The broad concept of catering
by Alessia Bianchi
When we speak about catering, we are talking about one of the hinge pins of the Italian economy, a constantly growing sector in spite of the fact that the national recession slowed it down slightly.
A continuously evolving sector both in its term and in its economic development.
The public consumption of food has always been both a private matter (eating) and a collective event (socialising).
To understand it, we have to know a little about the history of its birth, starting with the concept intended widely as an activity that includes the production and the distribution of meals.
As we intend catering, it is only a recent service.
The story goes that there were taverns and inns in Ancient Rome that multiplied during the Middle Ages when trading and pilgrimages began. The first big hotels were opened in the 19th century, to meet customers’ hospitality needs.
Since the 20th century, alongside traditional restaurants there have been new facilities for rapid, inexpensive catering for students, workers or travellers needing to eat outside the home.
That is how canteens and motorway service stations began.
This change in habits gave rise to the birth of a type of catering that differed greatly from the traditional one, that was able to nutritional and relational needs at the same time that hundreds of people have at mealtimes.
Italian catering has found solutions in recent years that have on the one hand optimised traditions that are universally-acknowledged as essential parts of “Made in Italy” and on the other hand offered innovative solutions that are in line with new food consumption models.
A few days ago, I was talking to Carlo Molon, Executive Chef at Ristorante Gusto at the Sheraton Lake Como Hotel.
With a view to Host, we were discussing how catering has changed in recent years. Food trends have followed each other, giving life to real phenomena of habits.
“Attention to Italian catering is directed at searching for origins, without neglecting all the new techniques that have been invented in the last 10 years.
There is a trend to try and understand the customer’s needs, trying to satisfy them and making their time spent at the table a pleasant one too.
Eating does not mean making do: daily demands leave little free time and nobody wants to waste it by eating badly and renouncing quality. Fast food must guarantee fast service, without sacrificing healthy, tasty food.
Being a chef today does not just mean knowing how to cook well. It is necessary to know how to pay more attention to the needs of customers, who right now are looking for healthy cuisine that is still rich in taste and aromas” says Chef Molon.
“In recent years, food intolerances have also increased and it is the Chef’s task to provide emotions even when removing some elements from a dinner that could cause discomfort to the diner.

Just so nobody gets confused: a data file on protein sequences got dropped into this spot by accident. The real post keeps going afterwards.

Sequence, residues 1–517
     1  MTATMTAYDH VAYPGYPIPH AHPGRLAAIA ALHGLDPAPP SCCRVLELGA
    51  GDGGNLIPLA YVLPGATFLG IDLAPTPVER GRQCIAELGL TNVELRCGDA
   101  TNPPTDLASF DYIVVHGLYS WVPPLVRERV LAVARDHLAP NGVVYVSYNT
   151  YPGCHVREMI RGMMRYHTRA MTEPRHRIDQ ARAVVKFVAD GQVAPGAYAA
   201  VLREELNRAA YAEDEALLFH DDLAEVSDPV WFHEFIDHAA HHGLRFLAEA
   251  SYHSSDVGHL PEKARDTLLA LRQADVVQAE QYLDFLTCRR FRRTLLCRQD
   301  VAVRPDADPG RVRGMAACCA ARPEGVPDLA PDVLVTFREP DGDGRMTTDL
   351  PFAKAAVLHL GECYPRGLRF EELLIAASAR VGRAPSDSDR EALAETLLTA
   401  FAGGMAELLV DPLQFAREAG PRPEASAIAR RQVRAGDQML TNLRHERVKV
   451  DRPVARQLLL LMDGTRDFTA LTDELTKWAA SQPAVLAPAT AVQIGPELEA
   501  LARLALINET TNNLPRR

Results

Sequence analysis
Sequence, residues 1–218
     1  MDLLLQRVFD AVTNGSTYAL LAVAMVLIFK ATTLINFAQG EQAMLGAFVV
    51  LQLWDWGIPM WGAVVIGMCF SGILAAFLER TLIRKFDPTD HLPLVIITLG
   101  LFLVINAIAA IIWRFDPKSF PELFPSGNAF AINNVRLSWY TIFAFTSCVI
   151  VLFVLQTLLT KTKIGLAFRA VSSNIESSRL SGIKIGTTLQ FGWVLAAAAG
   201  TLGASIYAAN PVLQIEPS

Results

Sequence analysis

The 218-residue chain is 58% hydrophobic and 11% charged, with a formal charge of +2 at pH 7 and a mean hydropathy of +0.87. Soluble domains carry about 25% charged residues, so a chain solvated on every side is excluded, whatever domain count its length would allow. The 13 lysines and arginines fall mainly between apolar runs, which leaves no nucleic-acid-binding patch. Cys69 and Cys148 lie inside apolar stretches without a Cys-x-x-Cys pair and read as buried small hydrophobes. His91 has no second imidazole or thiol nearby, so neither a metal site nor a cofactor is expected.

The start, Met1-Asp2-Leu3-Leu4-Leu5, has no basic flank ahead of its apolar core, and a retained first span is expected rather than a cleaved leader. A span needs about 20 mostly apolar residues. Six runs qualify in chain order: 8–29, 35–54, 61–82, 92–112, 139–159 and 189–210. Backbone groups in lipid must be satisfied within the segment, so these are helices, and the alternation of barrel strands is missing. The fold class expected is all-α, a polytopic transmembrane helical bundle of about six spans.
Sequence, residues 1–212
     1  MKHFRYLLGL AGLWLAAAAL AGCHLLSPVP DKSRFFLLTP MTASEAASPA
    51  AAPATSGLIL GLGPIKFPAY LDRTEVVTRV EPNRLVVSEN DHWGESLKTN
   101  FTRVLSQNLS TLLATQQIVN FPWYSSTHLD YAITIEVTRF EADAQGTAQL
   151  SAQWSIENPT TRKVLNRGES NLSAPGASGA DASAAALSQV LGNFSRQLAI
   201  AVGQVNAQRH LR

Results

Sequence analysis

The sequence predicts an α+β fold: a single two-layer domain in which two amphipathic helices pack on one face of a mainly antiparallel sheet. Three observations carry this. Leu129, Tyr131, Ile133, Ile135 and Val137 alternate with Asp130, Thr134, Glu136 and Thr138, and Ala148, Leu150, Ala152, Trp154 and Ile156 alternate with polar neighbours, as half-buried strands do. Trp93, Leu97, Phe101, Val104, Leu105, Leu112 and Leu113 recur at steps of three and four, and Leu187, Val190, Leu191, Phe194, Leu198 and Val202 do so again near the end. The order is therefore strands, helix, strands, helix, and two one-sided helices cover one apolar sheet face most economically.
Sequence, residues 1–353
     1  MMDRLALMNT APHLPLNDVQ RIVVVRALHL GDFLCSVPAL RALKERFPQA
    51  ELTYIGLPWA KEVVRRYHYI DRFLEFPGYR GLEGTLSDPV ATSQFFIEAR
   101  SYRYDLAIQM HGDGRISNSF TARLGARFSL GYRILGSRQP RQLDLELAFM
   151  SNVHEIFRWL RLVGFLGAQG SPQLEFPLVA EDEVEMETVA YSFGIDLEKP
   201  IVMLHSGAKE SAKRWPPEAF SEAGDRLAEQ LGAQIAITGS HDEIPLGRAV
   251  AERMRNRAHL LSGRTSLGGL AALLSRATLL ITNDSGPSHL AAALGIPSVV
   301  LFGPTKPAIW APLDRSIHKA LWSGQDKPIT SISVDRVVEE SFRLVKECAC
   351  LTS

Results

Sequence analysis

In the restaurant where I work, we try to meet all needs with vegetarian, gluten-free dishes. I have created a menu that respects tradition and the local area, sometimes using influences that I learned overseas” and continues “There are three main moments in eating: breakfast, lunch and dinner.
For some people, breakfast is a ritual, while for others it is just a quick coffee. For 90% of working people, lunch means a sandwich or a quick plate of pasta and it is only at dinner that people dedicate adequate time to taste and enjoy true emotions at the table, and this is where team skills come in (restaurant and kitchen) providing the client with a moment of pleasure and, why not, of being carefree when sat before a good dish of food and a good wine”.
In light of what Carlo Molon told me, I find myself confirming the idea that in recent times, the term catering no longer refers just to restaurants and bars, but also to pubs, nightclubs and fast food diners, places that consumers have now accepted as alternatives to the classic restaurants.
This has happened to keep up with consumer trends, needs and choices.
Italians have the increasing habit of ordering food online or on the phone, that is then delivered to their homes.
Another growing trend is that of food on wheels, i.e. street food.
Three out of four Italians have eaten food on the move at least once in the last year, and these figures are destined to rise, given the diffusion of festivals and fairs that are dedicated to this particular sector.
Coldiretti-Censis have carried out another interesting study to analyse the new frontiers in the sector, starting with the food sharing economy that is a new way of eating with strangers.
There are more than 3 million Italians who compete with traditional catering using the home restaurant formula. I am talking about home chefs and the fact that the number of Italians who go to home restaurants, the formula created online and that has not yet been defined in legislation, is increasing.
According to Coldiretti and Censis, the novelty of home restaurants “has expanded the range of opportunities, without entering into direct conflict, at least for now, with the more traditional forms of eating out”, but is a key that is still not clear to many.